Just a Reminder: Life Is Good
Tuesday, February 19, 2008
I guess I'm the bad boy of heart attack survivors. Mine played like low comedy from the start. It felt not like shearing pain; I had no revelations of mortality and sense of endtimes and lost opportunities. Actually, it seemed Bill Clinton was sitting on my chest playing the saxophone.
My initial diagnosis was hunger, so I left my apartment, bought a hamburger and returned to see the end of the game. When the game was over and the burger gone, Bill hadn't left, so I drove to a famous hospital's emergency room and promptly got into a fight with a line-butter who said he had asthma. I thought a heart attack trumped that, but there was no order, no authority in that place. Just pure Hobbesian angst. Not for me, thank you very much.
So I drove across town to a smaller hospital, where I was well treated from the start and even -- I love this part! -- recognized. (The head of medicine was a fan of my books.) I got my stent in 45 minutes, which I remember mostly for the one-liners, the best of which belonged to the young doctor who put the thing in. She said, "If you write about this, make me taller and cuter."
I never cried, I kind of enjoyed the attention, I never felt particularly mortal, and my sworn changes lasted about a week. The no-caffeine went first, and if you've ever tried to go no-caffeine after a seven-cup-a-day habit, you know why.
I suppose I'm better off now, due mostly to my wife's heroism, not my own. That woman just won't let me die. Supposedly I'm down to two drinks a day, I almost never eat fast food, I try to exercise at least a couple of times a week, though mildly, and I'm on the Lipitor/Toporol express to my late 90s.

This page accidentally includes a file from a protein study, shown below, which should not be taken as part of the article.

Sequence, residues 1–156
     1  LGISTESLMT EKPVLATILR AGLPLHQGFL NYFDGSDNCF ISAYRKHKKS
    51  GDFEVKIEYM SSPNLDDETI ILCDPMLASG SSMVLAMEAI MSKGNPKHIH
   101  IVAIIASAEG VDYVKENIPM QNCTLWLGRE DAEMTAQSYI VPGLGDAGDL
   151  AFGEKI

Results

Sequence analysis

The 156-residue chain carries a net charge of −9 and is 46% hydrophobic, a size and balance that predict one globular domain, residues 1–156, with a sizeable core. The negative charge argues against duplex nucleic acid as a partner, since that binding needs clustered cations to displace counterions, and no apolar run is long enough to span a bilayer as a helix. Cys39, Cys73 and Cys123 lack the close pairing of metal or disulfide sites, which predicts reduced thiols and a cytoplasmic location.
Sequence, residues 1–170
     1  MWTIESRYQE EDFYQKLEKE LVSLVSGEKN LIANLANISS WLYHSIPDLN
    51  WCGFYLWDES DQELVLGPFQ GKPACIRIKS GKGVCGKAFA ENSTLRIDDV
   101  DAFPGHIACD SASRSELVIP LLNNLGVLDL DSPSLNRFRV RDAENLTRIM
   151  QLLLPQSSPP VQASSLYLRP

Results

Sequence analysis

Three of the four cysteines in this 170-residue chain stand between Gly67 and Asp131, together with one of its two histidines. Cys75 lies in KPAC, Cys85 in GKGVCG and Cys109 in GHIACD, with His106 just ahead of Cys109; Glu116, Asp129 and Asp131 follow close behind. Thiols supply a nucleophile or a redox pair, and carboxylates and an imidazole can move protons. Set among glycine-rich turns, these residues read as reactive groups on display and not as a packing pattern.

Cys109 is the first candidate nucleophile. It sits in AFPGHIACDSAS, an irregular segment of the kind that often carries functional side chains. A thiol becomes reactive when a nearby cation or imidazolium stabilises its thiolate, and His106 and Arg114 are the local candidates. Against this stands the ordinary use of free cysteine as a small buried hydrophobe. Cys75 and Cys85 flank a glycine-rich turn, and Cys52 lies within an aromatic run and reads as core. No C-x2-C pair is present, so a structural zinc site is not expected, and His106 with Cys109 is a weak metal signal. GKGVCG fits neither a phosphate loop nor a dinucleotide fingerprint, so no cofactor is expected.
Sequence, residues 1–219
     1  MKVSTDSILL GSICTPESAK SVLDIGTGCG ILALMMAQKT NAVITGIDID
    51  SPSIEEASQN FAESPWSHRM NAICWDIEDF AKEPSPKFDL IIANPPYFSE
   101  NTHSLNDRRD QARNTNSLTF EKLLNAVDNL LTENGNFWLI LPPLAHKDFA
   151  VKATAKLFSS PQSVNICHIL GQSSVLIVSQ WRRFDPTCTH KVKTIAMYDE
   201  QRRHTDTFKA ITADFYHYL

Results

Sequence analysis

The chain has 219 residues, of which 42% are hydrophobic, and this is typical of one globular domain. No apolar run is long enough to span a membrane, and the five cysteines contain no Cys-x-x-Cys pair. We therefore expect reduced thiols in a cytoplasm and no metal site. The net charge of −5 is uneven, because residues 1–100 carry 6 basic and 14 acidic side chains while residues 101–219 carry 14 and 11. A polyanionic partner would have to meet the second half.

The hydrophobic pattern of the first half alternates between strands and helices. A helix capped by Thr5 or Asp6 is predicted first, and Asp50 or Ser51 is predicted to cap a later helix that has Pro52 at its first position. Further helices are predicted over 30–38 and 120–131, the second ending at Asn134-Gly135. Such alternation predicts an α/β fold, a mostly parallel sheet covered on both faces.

I will say that, psychologically, the attack had almost no weight at all. When I see the leaves on the trees in the summer and I realize that at 61 I'll see them for fewer years than I've already seen them, that depresses me. The same is true of women's legs in the summer, or good movies or nice guns. All those emblems of diminishment to the inescapable vanishing point are enough to make me tragically rue the two-drink rule.
But I hardly ever think about the attack or the three days in intensive care or the sense of being wired to a billion dollars worth of gizmos. I don't think of the fatigue, the hunger I felt for real food, fresh air, a good pair of new New Balance hikers, maybe a little hoochie-coo, if you know what I mean, and I think you do. I've banished all of that, like a lot of other unpleasantness in my life.
But I will say this, now that via these paragraphs I've revisited all: Life is good, death is bad. Maybe I'll start walking FOUR times a week.
Stephen Hunter, who had a heart attack in 2004, is a Pulitzer Prize-winning movie critic for The Post. He is currently on book leave.